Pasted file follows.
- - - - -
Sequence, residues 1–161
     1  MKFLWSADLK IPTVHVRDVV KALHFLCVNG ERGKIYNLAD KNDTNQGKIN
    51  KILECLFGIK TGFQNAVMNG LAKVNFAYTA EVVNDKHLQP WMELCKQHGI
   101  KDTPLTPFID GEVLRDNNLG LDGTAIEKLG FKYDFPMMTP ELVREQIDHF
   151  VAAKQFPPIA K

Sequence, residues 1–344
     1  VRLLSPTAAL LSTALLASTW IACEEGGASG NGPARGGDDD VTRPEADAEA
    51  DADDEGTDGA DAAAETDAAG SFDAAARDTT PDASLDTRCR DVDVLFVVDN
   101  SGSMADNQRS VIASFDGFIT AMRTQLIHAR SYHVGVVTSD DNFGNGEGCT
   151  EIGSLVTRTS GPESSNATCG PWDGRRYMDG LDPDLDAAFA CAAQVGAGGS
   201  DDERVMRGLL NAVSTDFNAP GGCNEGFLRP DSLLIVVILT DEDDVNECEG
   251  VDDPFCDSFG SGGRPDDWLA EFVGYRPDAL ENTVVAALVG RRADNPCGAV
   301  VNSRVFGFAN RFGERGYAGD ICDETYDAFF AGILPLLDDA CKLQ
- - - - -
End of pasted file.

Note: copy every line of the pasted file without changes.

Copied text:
Sequence, residues 1–161
     1  MKFLWSADLK IPTVHVRDVV KALHFLCVNG ERGKIYNLAD KNDTNQGKIN
    51  KILECLFGIK TGFQNAVMNG LAKVNFAYTA EVVNDKHLQP WMELCKQHGI
   101  KDTPLTPFID GEVLRDNNLG LDGTAIEKLG FKYDFPMMTP ELVREQIDHF
   151  VAAKQFPPIA K

Sequence, residues 1–344
     1  VRLLSPTAAL LSTALLASTW IACEEGGASG NGPARGGDDD VTRPEADAEA
    51  DADDEGTDGA DAAAETDAAG SFDAAARDTT PDASLDTRCR DVDVLFVVDN
   101  SGSMADNQRS VIASFDGFIT AMRTQLIHAR SYHVGVVTSD DNFGNGEGCT
   151  EIGSLVTRTS GPESSNATCG PWDGRRYMDG LDPDLDAAFA CAAQVGAGGS
   201  DDERVMRGLL NAVSTDFNAP GGCNEGFLRP DSLLIVVILT DEDDVNECEG
   251  VDDPFCDSFG SGGRPDDWLA EFVGYRPDAL ENTVVAALVG RRADNPCGAV
   301  VNSRVFGFAN RFGERGYAGD ICDETYDAFF AGILPLLDDA CKLQ